Becoming a U.S. citizen is a complex process, and legal issues like being arrested can make it even more complicated. If you are a Legal Permanent Resident (LPR) and have been arrested after obtaining your permanent residency but not formally charged, there are important things you need to know before starting the naturalization process.
GMC is a cornerstone of the naturalization process. Even if you were not charged following an arrest, the very fact of the arrest could come under scrutiny. The GMC evaluation considers:
Statutory Evaluation Period: The duration for which an applicant must demonstrate their GMC depends on the naturalization provision they are filing under. In general, the GMC statutory period for an applicant filing under the general naturalization provision starts 5 years prior to the date of filing. For certain spouses of U.S. citizens, the statutory period starts 3 years prior to the date of filing. The period for certain service members or veterans to demonstrate GMC starts 1 or 5 years from the date of filing, depending on the military provision. Regardless of the provision, the applicant must show they have maintained GMC until the time of naturalization.
It is important to note that the United States Citizenship and Immigration Services (USCIS) evaluates not only an applicant's behavior during the statutory period but also their past conduct leading up to it. Consequently, previous actions can impact an applicant's ability to demonstrate good moral character, particularly if their current behavior does not reflect a positive change or if their prior conduct is relevant to their present moral character. If USCIS determines that the applicant cannot demonstrate GMC, their naturalization application will be denied.
While an arrest without a formal charge might seem inconsequential, it can have implications.
When applying for naturalization, the N-400 form requires you to disclose any criminal records you may have. It specifically asks if you have ever been arrested, cited, or detained by any law enforcement officer, including immigration officials or members of the U.S. armed forces. In if you must answer yes to this question, you will have to provide additional information explaining the reason, time, and circumstances of your arrest, citation, detention, or charge. Even if you didn't disclose this information, USCIS will likely discover it through a comprehensive background check conducted across various databases, at least for arrests that occurred within the U.S.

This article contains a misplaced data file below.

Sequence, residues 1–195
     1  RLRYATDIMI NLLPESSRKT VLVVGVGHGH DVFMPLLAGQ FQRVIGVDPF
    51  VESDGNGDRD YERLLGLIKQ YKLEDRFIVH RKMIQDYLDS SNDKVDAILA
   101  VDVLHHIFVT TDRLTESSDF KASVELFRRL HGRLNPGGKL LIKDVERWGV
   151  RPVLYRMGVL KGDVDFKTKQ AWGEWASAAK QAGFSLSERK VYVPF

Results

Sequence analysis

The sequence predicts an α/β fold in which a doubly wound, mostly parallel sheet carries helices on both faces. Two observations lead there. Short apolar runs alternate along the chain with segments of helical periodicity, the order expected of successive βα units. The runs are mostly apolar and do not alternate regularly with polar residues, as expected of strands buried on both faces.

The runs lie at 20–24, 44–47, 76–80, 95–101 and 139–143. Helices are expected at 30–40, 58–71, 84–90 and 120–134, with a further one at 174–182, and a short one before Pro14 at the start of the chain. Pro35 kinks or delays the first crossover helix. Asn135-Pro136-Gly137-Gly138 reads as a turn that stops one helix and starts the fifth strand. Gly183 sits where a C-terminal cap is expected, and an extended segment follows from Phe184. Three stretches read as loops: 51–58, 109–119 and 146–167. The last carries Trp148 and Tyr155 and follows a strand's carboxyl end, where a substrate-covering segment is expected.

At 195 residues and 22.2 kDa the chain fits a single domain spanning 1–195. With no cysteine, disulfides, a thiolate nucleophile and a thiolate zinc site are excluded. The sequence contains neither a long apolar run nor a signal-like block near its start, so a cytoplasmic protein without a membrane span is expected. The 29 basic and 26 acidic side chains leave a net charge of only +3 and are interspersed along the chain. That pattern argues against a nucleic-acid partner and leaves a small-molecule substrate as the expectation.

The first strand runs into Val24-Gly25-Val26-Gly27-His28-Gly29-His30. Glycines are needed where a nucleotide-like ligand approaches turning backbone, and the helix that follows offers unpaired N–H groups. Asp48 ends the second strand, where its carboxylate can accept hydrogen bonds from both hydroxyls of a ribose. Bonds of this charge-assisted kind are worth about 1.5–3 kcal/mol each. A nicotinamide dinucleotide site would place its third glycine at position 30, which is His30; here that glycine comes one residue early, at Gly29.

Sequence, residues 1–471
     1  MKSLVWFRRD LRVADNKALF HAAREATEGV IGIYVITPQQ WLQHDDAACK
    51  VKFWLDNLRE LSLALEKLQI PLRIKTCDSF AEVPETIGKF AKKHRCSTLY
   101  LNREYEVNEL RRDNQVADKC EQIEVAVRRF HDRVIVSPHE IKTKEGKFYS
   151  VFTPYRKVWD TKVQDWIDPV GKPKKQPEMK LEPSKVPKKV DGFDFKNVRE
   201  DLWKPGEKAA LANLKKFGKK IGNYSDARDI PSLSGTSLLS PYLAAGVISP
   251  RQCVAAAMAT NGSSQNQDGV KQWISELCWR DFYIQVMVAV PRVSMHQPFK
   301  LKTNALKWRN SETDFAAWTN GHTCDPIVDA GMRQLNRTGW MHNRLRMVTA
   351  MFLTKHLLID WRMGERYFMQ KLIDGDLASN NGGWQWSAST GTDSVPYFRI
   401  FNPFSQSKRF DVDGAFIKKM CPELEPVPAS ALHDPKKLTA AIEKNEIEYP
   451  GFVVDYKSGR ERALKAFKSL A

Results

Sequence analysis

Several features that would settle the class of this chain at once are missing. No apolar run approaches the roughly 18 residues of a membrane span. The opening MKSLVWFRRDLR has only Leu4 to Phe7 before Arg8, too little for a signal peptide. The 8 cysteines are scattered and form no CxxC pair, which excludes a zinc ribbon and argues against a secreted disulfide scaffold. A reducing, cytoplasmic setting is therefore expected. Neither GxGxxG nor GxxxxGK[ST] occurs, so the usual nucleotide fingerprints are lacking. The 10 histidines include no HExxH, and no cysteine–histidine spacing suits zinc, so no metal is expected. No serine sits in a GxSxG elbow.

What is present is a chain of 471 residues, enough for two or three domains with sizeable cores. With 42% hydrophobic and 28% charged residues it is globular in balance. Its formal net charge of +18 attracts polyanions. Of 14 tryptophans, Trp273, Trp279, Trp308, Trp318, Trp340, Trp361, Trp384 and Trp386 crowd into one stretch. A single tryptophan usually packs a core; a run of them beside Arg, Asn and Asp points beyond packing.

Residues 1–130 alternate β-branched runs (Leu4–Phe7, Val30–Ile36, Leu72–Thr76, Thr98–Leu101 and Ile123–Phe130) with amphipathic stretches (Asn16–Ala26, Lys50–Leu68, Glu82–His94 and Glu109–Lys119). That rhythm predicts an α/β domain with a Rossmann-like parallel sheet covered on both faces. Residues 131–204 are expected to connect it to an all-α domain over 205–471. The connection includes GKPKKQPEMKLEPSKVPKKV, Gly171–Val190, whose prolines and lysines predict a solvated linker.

Transparency plays a crucial role during the citizenship interview, particularly when asked about past arrests. Providing false testimony under oath can result in a conditional bar to establishing good moral character. However, it is also important to answer questions skillfully. Even if you were not formally charged for an arrest, it does not necessarily mean that no wrongdoing occurred in the past. Whether you committed an offense requires a complex legal analysis to see whether each element of the offense has been committed. Should you admit to committing an offense, even without being officially charged, it could create obstacles in establishing good moral character.
When you are explaining the circumstances surrounding your arrest, it is important to keep in mind that USCIS officers may also consider whether you have established good moral character (GMC) for other unlawful acts. An officer may determine that an applicant does not have GMC due to the commission of an unlawful act which can be evidenced through admission, conviction, or other reliable evidence in the record. USCIS officers decide on a case-by-case basis whether an unlawful act committed during the statutory period is one that negatively impacts moral character.
There is no comprehensive list of unlawful acts in the INA or regulations. However, case law provides examples of unlawful acts that can bar good moral character. USCIS has provided a non-exhaustive list:
In summary, while an arrest adds layers of complexity to the citizenship process, it doesn’t automatically preclude you from becoming a U.S. citizen. The key is understanding the nuances of the immigration system and preparing accordingly. Looking for guidance on your journey to U.S. citizenship? The Law Offices of Sabrina Li can help. We have extensive experience helping applicants overcome various challenges. Contact us today for assistance.